Total recoveries of all PSC reagents except reagent 6 were >75% in three worst-case scenario runs (Figure 4). Run 15 was the best, for which the total recoveries of four PSC reagents (PSC reagents 1, 2, 4, and 5) reached ~100% (Figure 4). However, reagent 6 had extremely low recoveries, with a total recovery of <44% in the three worst-case runs (Figure 4). Apparently, a large portion of PSC reagent 6 accumulated in the protein A column. As discussed above, nonspecific binding to hydrophobic surfaces could be primarily responsible for that accumulation.
To determine where removal of the PSC reagents occurred, we calculated the percentages removed in the load, wash, and pool fractions. Over 80% of all the reagents — except PSC reagent 6 — were removed at the load step (Table 6). That was also the main step for reagent 6 removal, the percent- removal of which was twofold lower than that for the other reagents. Under 0.2% or none of the loaded PSC reagents (including reagents 1–4) was present in the pool fraction (Table 6). However, very small amounts of reagents 5 (0.7%) and 6 (1.3%) were found in the pool. Those differences were largely attributable to reagent hydrophobicity, as discussed above.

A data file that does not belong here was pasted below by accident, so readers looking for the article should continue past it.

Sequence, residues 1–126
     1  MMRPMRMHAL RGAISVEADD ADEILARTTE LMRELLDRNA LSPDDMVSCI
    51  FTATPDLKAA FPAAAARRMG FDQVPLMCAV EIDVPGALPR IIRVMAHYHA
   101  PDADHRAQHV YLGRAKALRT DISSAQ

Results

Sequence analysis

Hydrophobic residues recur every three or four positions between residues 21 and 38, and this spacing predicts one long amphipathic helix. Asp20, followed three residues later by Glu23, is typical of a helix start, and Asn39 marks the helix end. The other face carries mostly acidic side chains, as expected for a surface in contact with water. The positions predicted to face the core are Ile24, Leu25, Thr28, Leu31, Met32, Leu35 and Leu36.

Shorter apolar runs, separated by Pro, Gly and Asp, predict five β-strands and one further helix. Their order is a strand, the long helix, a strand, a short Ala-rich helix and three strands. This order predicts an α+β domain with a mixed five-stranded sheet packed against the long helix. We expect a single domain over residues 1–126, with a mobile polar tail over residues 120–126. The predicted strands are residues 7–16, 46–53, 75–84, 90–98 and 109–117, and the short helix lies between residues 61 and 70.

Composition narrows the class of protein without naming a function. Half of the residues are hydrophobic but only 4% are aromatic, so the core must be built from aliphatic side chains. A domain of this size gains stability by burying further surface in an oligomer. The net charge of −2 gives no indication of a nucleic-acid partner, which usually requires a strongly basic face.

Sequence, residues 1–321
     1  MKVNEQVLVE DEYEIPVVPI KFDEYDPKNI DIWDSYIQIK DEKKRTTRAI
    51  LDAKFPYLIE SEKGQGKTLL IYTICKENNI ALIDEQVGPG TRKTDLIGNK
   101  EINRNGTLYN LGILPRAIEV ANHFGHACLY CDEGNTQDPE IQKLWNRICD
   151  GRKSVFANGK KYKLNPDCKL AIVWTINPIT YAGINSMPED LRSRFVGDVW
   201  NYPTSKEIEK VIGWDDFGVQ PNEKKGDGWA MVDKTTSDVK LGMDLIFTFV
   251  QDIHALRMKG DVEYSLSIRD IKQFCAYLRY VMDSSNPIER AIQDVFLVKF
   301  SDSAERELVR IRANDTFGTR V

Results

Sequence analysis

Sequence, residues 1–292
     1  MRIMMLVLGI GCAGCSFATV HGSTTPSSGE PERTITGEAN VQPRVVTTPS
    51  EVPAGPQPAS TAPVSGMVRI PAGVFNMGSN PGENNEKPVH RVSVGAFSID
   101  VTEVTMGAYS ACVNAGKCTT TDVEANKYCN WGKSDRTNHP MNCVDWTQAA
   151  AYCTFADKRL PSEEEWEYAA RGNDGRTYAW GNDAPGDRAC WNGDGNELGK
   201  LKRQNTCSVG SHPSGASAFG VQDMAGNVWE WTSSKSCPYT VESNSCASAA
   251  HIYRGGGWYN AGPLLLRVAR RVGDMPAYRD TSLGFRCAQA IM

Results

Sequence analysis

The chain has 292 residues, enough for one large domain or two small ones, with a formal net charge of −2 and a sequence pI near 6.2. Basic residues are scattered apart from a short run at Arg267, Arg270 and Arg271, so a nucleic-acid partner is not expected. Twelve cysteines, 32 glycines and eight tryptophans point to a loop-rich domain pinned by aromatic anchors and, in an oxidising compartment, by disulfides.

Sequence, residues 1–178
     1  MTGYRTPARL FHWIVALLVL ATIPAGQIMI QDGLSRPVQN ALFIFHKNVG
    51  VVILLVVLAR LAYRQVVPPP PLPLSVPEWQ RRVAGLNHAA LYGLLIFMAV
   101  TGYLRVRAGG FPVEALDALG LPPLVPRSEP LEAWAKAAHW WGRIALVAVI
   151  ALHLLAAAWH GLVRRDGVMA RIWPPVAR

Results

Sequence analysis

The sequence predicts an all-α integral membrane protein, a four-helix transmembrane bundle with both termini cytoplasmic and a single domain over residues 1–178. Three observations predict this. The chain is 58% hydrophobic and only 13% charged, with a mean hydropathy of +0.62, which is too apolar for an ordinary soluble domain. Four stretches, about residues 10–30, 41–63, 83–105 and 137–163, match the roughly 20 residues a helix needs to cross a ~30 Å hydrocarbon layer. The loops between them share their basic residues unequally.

Platform Strategy for Eliminating PSC Reagent Clearance Testing: Because Amgen uses a platform process to manufacture MAbs for FIH projects, our DoE results could be used in a platform strategy to eliminate clearance testing of PSC reagents for future MAb products. To explore this possibility, we compared the clearance requirement for each reagent with its clearance capacity of PAC. Using the starting concentrations of six PSC reagents in the cell culture and total titer amounts for 11 previous MAb products, we calculated the maximum amounts of all six that could be present in the DS. For a conservative estimate, we established two worst- case scenarios: